“That’s all I don’t understand about how people argue the guns thing. You’re not saying ‘get rid of guns.’ You’re saying ‘try to minimize the chances of this happening,’ ” Noah explained. “Try to make it as hard as possible for people to own a gun, because you only want people who are willing to work hard to own a gun, to own a gun. You only want people who respect the gun to own a gun.”

Jimmy Kimmel

Kimmel spoke frankly during his monologue. “Too many people are being shot with high-powered weapons,” he told viewers.

The comedian called Senate Majority Leader Mitch McConnell an “evil, soulless old creep” for not calling the Senate back into session to vote on a bipartisan bill that would expand background checks for gun purchases and transfers. The House passed the Bipartisan Background Checks Act of 2019 back in February, but the Senate has not yet voted on the legislation.


Like Meyers, Kimmel chided Republican politicians for being “too cowardly to go on cable television.” He also criticized Trump’s remarks on the attacks — from his assertion Sunday that “perhaps more has to be done” to his tweet blaming “fake news” for the country’s issues.

Kimmel also criticized Trump for praising Colby Covington, a UFC fighter and supporter of the president, in a tweet posted less than 15 minutes after Trump first tweeted about the El Paso attack.

“I think maybe more than anything, this gives you some insight into how much this man cares,” Kimmel said.

Stephen Colbert

After acknowledging that “today was a very rough day,” the “Late Show” host began, ostensibly, with a joke: “Thanks to Trump’s trade war with China, the DOW Industrial Average lost more than 750 points today. “

“And that was the ‘smile file,’ ” he deadpanned. “Because it’s really all downhill from here.”

Colbert told his audience that he had been watching HBO’s “Chernobyl” miniseries, and noticed something familiar.


“Over and over again in it, a scientist or engineer will tell a politician, ‘Hey, we’ve got a real problem here. The nuclear core is going to melt down and kill everyone,’ ” Colbert said. “But the politicians refuse to believe it because any acknowledgment of failure threatens their position of power, and their power is more important than saving lives.”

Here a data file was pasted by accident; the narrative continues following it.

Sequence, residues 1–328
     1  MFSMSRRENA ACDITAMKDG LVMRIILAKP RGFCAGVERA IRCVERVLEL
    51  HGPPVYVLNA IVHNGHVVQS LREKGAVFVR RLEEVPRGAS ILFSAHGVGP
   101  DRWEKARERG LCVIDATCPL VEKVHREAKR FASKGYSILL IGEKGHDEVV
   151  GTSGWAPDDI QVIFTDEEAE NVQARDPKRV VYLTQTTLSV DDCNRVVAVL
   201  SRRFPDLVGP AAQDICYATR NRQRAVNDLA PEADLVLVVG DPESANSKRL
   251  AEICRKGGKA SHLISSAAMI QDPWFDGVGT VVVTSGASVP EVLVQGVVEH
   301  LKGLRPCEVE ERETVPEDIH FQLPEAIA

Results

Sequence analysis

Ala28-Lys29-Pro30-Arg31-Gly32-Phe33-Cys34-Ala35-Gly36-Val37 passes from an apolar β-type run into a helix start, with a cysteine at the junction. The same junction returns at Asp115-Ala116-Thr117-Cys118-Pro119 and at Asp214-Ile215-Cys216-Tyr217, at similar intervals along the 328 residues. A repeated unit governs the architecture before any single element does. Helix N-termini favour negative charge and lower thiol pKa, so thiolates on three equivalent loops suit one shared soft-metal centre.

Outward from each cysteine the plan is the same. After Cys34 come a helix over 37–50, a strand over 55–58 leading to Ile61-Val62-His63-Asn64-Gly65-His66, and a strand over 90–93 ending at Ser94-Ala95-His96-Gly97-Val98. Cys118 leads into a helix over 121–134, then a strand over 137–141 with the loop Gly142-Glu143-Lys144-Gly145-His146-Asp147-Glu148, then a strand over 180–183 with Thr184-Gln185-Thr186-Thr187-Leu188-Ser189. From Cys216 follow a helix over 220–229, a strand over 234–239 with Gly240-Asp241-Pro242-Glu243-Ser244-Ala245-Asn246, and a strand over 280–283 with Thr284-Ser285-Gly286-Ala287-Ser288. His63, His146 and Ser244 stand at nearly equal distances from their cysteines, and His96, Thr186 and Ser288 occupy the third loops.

“I think at this point, it’s clear that America’s gun culture is melting down,” he continued. “But the Republicans in Congress would rather maintain their power than save lives.”

To that end, Colbert reserved his harshest criticism for McConnell. “Now, look, you can’t put a price on human life, but it doesn’t stop Mitch from trying,” he said.

Jimmy Fallon

The “Tonight Show” host opened a somber monologue by telling his audience that “these are the hardest nights to do a show like this.”

“There are no words that can make it easier — all we can say is that the victims and their families, and everyone in Dayton and El Paso, are in our hearts tonight,” he continued. “And to anyone whose background has made them a target of prejudice or hate or violence, or anyone who feels that they may not be welcome in this country, know that you that are welcome. We support you and we love you and the cycle of hate needs to stop.”

“Please make your voice heard,” Fallon urged viewers, suggesting they contact their local representatives, march in a protest, donate to charities that fight “for common-sense gun laws,” or vote.

“It’s the only way we can make things better and we can be better,” he added.